Cablegate: New Civ-Mil Effort to Influence Behavior of Criminal And
PP RUEHDBU RUEHPW RUEHSL
DE RUEHBUL #0571/01 0461050
ZNY CCCCC ZZH
P 151050Z FEB 10
FM AMEMBASSY KABUL
TO RUEHC/SECSTATE WASHDC PRIORITY 5605
INFO RUCNAFG/AFGHANISTAN COLLECTIVE
C O N F I D E N T I A L SECTION 01 OF 02 KABUL 000571
E.O. 12598: DECL: 02/15/2020
TAGS PGOV, KJUS, KCOR, PREL, EAID, AF
SUBJECT: NEW CIV-MIL EFFORT TO INFLUENCE BEHAVIOR OF CRIMINAL AND
CORRUPT AFGHAN OFFICIALS
Classified by Acting Deputy Ambassador Joseph A. Mussomeli for reasons 1.4 (b) and (d).
1. (C//REL ISAF) Summary: The first Nexus-Corruption Leadership Board, co-chaired by Coordinating Director for Development and Economic Affairs, Ambassador Wayne, and ISAF J2 (Intel), Major General Flynn, met on February 4 to consider possible courses of action (“COAs”) that U.S. military and Embassy personnel may employ against criminal and corrupt Afghan officials in an effort to change their behavior. These recommendations were developed through the joint effort of the Embassy’s Nexus-Corruption Coordination committee (NCC) and ISAF’s Anti-Corruption Task Force (ACTF). The Leadership Board approved three recommendations: (1) to apply a set of minimum COAs against high-profile corrupt officials to signal a change in U.S. policy on corruption; (2) to begin a series of high-level demarches to persuade the Karzai government to follow through on promises to tackle corruption; and (3) to consider at the next Leadership Board meeting recommendations on applying appropriate COAs, including possible law enforcement actions, against three prominent Afghan malign actors in southern Afghanistan: Abdul Razziq, Ahmed Wali Karzai, Asadullah Sherzad. End Summary.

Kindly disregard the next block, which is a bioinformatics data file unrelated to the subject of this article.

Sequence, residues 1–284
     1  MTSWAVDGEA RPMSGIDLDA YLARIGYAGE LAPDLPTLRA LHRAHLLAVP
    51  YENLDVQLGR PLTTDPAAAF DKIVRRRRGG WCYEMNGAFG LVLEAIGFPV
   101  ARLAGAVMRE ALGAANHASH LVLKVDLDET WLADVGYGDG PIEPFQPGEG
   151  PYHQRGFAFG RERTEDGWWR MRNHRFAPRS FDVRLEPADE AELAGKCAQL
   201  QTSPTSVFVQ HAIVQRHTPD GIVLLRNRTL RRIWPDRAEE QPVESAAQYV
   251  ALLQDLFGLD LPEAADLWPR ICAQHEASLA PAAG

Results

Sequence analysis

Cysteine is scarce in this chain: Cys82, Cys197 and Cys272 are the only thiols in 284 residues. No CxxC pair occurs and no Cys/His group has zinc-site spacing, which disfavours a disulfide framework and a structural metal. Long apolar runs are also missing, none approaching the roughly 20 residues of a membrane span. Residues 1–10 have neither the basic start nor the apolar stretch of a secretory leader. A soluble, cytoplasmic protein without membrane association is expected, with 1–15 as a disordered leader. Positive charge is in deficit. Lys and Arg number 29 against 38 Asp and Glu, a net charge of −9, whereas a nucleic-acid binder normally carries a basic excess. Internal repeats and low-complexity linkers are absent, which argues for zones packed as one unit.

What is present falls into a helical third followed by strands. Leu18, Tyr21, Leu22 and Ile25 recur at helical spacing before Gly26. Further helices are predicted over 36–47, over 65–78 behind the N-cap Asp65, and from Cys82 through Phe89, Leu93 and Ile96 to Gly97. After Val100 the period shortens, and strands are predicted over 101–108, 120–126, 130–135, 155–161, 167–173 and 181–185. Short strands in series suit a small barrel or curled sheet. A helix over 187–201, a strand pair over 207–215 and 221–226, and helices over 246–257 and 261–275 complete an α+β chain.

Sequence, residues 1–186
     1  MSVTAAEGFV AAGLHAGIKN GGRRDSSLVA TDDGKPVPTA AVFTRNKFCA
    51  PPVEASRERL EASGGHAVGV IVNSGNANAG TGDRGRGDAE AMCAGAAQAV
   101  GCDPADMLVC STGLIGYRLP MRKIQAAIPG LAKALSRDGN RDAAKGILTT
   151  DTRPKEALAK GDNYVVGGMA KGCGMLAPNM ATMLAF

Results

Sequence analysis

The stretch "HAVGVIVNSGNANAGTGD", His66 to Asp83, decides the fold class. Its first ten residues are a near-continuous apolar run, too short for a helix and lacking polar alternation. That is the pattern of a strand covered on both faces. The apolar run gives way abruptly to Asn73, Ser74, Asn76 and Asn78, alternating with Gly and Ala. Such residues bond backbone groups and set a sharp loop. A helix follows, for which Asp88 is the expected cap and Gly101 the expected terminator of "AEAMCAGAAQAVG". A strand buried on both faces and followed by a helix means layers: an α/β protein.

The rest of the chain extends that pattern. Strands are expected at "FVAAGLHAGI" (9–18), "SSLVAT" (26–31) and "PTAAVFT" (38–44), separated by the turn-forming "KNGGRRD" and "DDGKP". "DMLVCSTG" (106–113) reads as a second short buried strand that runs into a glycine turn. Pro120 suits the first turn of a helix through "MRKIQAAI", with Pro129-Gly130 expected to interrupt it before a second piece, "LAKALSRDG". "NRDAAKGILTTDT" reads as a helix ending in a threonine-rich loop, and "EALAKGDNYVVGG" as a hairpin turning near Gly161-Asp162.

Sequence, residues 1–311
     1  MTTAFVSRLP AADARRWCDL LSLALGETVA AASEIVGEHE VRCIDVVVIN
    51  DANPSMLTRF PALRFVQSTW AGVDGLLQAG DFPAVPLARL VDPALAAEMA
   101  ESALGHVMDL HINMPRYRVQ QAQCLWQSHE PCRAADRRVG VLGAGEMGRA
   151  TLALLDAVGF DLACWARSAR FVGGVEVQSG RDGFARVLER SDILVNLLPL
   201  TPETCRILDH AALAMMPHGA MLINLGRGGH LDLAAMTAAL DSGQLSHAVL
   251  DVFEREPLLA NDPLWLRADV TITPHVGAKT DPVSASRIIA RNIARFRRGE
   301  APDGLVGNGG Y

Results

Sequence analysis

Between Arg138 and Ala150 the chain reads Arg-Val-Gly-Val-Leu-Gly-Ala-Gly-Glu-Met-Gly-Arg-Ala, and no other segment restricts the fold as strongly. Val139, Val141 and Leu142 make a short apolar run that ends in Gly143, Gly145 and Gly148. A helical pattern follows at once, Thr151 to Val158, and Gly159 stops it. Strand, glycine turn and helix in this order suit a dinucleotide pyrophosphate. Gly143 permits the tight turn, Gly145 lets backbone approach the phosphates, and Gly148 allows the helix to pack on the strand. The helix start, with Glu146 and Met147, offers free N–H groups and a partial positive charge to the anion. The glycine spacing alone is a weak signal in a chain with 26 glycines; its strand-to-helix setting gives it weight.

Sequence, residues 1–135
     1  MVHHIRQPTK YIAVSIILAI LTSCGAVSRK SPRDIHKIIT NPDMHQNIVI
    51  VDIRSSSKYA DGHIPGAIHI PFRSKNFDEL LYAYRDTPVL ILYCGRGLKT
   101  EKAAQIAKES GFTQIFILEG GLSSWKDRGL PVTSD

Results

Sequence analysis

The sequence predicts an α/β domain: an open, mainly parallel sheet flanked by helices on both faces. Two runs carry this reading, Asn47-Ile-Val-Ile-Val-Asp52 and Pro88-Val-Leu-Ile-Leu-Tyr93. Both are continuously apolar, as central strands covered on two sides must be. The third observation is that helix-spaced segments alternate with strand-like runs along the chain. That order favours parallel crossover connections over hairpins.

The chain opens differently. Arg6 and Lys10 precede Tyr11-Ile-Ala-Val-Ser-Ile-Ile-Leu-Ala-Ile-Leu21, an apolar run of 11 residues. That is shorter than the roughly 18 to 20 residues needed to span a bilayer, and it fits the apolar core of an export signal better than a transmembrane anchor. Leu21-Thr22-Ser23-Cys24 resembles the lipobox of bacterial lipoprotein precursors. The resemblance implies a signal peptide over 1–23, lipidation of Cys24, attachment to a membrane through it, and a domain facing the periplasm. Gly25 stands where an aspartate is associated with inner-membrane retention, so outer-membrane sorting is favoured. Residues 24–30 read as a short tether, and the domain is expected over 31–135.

2. (C//REL ISAF) The purpose of the NCC is to develop policy recommendations on ways to reduce and combat official corruption and “nexus” criminal activities (i.e., insurgency, narcotics and criminality). The membership of the NCC includes representatives from U.S. law enforcement agencies, U.S. Treasury, and a cleared American from ISAF. ISAF’s ACTF works in partnership with the NCC and the international community (e.g., the UK and the UN) to develop policy goals, prioritize policy towards important malign actors (i.e., corrupt/criminal Afghan officials), and determine appropriate courses of action to change their behavior.
Board Considers Courses of Action (COA) Policy
3. (C//REL ISAF) In the first meeting of the Leadership Board, co-chairs Ambassador Wayne and MG Flynn approved the concept of applying non-law enforcement COAs to corrupt officials on a case-by-case basis. Possible COAs can run the spectrum from refusing to appear in a picture with a corrupt official, to cutting off USG funded assistance, to seizing ill-gotten assets, to applying Presidential Proclamation 7750, which prevents the corrupt official and his/her family from obtaining U.S. visas. No COAs are intended to preclude or replace prosecutions when appropriate, but to serve as tools to be considered to alter illicit behavior in addition to prosecution, or when prosecution is not possible or has a low likelihood of success. The policy also provides that no COA is recommended that will hinder, prevent, or interfere with an ongoing criminal investigation or prosecution. However, in many cases, the proposed measure may be as or more effective than law enforcement actions in influencing the conduct of officials involved in corruption or nexus-related activities, particularly at the local level.
4. (C//REL ISAF) Ambassador Wayne and MG Flynn also agreed to the recommendation to develop a “basket” of minimum COAs that would be applied as a default to all corrupt officials that are prioritized as persons of interest by NCC and/or ACTF. These minimum COAs include: (1) no public meetings with the official (and no photos), and no high-profile public visits from CODELs and other dignitaries; (2) no giving or receiving of gifts; and (3) restrictions on opportunities for corrupt officials to participate in U.S.-funded training, travel, and speaking engagements. Applying minimum COAs is designed to help change perceptions held by parts of the Afghan public that the U.S. supports, explicitly or implicitly, known corrupt officials.
Positive Incentives for Positive Acts